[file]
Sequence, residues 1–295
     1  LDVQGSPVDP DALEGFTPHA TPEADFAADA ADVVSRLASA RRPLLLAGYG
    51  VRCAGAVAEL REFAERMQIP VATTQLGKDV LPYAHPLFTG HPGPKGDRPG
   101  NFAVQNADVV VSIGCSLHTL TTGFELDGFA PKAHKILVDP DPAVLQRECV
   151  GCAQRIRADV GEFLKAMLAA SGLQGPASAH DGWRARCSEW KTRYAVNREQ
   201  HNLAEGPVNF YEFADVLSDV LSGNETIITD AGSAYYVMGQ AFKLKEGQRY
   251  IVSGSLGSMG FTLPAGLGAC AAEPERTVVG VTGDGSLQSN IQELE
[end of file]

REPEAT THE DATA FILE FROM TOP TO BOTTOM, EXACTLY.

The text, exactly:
Sequence, residues 1–295
     1  LDVQGSPVDP DALEGFTPHA TPEADFAADA ADVVSRLASA RRPLLLAGYG
    51  VRCAGAVAEL REFAERMQIP VATTQLGKDV LPYAHPLFTG HPGPKGDRPG
   101  NFAVQNADVV VSIGCSLHTL TTGFELDGFA PKAHKILVDP DPAVLQRECV
   151  GCAQRIRADV GEFLKAMLAA SGLQGPASAH DGWRARCSEW KTRYAVNREQ
   201  HNLAEGPVNF YEFADVLSDV LSGNETIITD AGSAYYVMGQ AFKLKEGQRY
   251  IVSGSLGSMG FTLPAGLGAC AAEPERTVVG VTGDGSLQSN IQELE